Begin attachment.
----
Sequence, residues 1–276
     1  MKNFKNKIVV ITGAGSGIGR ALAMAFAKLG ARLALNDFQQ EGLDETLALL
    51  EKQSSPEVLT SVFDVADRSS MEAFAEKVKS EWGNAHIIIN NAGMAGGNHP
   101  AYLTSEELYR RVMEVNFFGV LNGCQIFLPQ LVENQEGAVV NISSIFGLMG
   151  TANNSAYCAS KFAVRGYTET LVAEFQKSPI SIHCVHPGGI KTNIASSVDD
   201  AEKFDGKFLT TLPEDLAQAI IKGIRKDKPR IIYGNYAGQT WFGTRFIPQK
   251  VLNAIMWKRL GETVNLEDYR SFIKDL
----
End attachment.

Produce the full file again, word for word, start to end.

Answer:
Sequence, residues 1–276
     1  MKNFKNKIVV ITGAGSGIGR ALAMAFAKLG ARLALNDFQQ EGLDETLALL
    51  EKQSSPEVLT SVFDVADRSS MEAFAEKVKS EWGNAHIIIN NAGMAGGNHP
   101  AYLTSEELYR RVMEVNFFGV LNGCQIFLPQ LVENQEGAVV NISSIFGLMG
   151  TANNSAYCAS KFAVRGYTET LVAEFQKSPI SIHCVHPGGI KTNIASSVDD
   201  AEKFDGKFLT TLPEDLAQAI IKGIRKDKPR IIYGNYAGQT WFGTRFIPQK
   251  VLNAIMWKRL GETVNLEDYR SFIKDL